Losing his (space) virginity: VSS Unity takes flight

Virgin Galactic made headlines around the world this week when Richard Branson’s newest, meanest rocket plane touched the limits of space, 82 km above the Mojave Desert of California. But what does that really mean?

VSS Unity detaches from its carrier for a mid-morning jaunt into the mesosphere. (AP)

In a world where luxury yacht speculation is a booming business, Virgin founder Richard Branson should be proud of what his fortune achieved this Friday. Four years after the tragic crash of the first prototype, SpaceShipTwo finally breached the USAF-determined ‘edge of space’, winning astronaut wings for the pilot and setting off what I’m sure continues to be a breathtakingly lavish party.

But beneath the hype, the successful test flight of the VSS Unity is both more and less impressive than it seems. Let’s run down the trues and not-so-trues of Virgin Galactic’s red-letter day.

Pro: SpaceShipTwo really is a rocket ship

…but it’s a pretty weird one.

Technically, it’s what they call a ‘rocket plane’. While the lift force that keeps it off the ground is generated with wings like any other plane, the thrust that gets it moving comes from an honest-to-God rocket engine.

SpaceShipTwo is basically a cool, futuristic space plane that launches off of a bigger, less cool, old-fashioned ordinary plane. This saves on rocket fuel at the cost of looking ridiculous. (The one in the middle is the bit going to space today)

Now, you may have a picture in your head of flames shooting out of the back of fighter planes. Fire, however, does not a rocket make. The question is where the ‘propellant’ is coming from. Planes are like fish, drawing in the fluid they move through and pushing it behind them to surge forward. Rockets, by contrast, carry their own propellant, shooting it out the back really fast until they run out.

One consequence of this is that rockets can move through a vacuum, unlike planes (and no – just carrying a bubble of air around you does not evade this limitation). This is the basis of Richard Branson’s argument that SpaceShipTwo is a real spaceship – even though…

Con: The VSS Unity didn’t really go to ‘space’

I love Wikipedia

What do we really mean when we talk about space?

A lot of people have in their mind a picture of the Earth as a Glad-wrapped ball: inside is air and water and Disneyland; outside is space and planets and Daleks. But in actuality, there is no hard ‘edge’ to our planet or to any other, but rather layers of gas and dust that gradually thin out with distance from the centre.

That’s not to mention the force of Earth’s gravity, which is measurable even at a distances of millions of kilometres – that’s what keeps the Moon from wandering off. (Astronauts float around because they are perpetually falling, not because there’s no gravity in space.)

Virgin Galactic’s space claim is based on the US Air Force ruling that all pilots who travel above an altitude of 80 kilometres may be called astronauts. Hence the VSS Unity was piloted by an astronaut, hence it is a spaceship – Q.E.D.

But the rest of the world uses a definition of 100 kilometres instead: what they call the Karman Line. This is the altitude at which an ordinary plane would have to move so fast to generate lift that it would reach orbital velocity and become a satellite. Below the Karman Line, all the ordinary assumptions of aeronautics apply: above the line, the rules completely change.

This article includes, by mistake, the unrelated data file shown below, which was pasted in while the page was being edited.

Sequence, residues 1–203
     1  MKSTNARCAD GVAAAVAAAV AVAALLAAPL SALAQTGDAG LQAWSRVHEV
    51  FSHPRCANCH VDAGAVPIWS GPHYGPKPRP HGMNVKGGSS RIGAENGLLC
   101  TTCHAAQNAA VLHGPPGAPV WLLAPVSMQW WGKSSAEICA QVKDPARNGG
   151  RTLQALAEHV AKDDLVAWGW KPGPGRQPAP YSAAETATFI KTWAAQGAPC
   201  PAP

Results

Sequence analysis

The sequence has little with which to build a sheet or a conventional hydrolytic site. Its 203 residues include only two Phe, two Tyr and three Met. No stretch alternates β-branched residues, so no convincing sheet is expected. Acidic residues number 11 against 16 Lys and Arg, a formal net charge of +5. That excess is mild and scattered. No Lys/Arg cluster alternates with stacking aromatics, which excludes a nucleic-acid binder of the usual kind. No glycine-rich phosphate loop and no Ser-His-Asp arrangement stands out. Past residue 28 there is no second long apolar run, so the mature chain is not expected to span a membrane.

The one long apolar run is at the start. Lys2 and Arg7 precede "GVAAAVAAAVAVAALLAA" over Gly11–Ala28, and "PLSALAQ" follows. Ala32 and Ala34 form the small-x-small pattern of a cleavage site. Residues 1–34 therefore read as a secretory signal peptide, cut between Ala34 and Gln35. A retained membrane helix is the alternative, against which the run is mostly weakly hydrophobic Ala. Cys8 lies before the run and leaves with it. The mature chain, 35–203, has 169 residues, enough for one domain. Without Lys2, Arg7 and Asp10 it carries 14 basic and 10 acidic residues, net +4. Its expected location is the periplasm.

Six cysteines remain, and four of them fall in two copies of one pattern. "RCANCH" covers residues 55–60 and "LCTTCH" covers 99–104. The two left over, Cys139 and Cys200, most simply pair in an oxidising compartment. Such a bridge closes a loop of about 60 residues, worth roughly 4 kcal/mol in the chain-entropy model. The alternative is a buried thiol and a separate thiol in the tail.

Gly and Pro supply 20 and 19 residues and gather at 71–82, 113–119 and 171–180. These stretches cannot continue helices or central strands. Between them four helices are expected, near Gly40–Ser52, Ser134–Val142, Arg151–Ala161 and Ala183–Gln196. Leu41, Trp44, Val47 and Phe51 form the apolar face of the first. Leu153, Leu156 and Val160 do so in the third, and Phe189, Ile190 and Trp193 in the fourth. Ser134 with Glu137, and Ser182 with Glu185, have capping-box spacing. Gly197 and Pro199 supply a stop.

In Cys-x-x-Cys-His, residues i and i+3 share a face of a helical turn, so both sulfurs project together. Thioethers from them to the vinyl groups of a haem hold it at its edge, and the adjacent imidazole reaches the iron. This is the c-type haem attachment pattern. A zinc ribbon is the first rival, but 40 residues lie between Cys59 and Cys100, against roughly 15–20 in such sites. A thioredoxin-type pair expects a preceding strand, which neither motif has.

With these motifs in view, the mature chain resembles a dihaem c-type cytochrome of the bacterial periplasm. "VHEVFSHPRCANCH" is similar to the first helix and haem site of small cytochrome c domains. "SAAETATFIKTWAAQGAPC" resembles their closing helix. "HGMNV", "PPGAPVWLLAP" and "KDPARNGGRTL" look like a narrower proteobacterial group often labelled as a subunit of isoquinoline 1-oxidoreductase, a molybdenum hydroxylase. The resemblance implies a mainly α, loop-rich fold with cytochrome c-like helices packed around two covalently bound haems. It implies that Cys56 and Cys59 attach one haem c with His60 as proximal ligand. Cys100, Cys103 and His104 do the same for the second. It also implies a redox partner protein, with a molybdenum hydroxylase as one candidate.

SpaceShipTwo didn’t make it that high and it isn’t designed to. But there’s nothing in the concept that makes it impossible. More fuel, a lighter frame, and a bit more oomph in the engine could get it into orbit.

But at that point, you might as well drop the ‘plane’ bit and just build a rocket.

100 km is roughly the altitude at which the Aurora occurs (this image of the Aurora Australis, which is like the Aurora Borealis but in the Southern Hemisphere where all the best things are). NASA

Bonus: why flat-earthers won’t be convinced

At the risk of sounding pedantic, I just wanted to chuck in something which bothers me every time commercial spaceflight is discussed. SpaceShipTwo may be many things, but one thing it isn’t is a way of proving the Earth is round.

The Earth is definitely round. I’m just saying, going to a great altitude is the worst way to prove it.

Imagine if I replaced the moon with a flat disc whose face is always pointed to Earth. Would you be able to tell the difference? Unless your eyes are spaced ten miles apart, I doubt very much that you could.

The reality is that you can’t learn something new about an object’s dimensions by moving parallel to them. Flat Earthers aren’t alleging that the Earth is square. (Okay, some of them are). They agree it’s round – just the healthy, God-fearing ‘flat’ sort of round, not the heretical three-dimensional kind. And no matter what the news tells you, there is no height you can get to where you can ‘see the curvature of the Earth’.

The best way to prove the Earth is round is actually to stay as close to the surface as possible. Things in the distance will appear to vanish over the horizon – bottom first. Our distant ancestors, who spent a lot more time looking at the horizon than we do,  would have noticed this phenomenon tens of thousands of years before space travel became a thing. Flat Earthism isn’t an old idea – it’s a new-fangled one which even cavemen would have laughed at.

Now, someone go tell Steph Curry that.

Steph Curry holding a discus.

Unimpressed by Richard Branson’s space exploits? Read these Three reasons why the Moon still matters.

Intrigued about the hidden truth of the cosmos? Salivate over the imminent apocalypse on Nibiru – the Shadowy Death-Planet.

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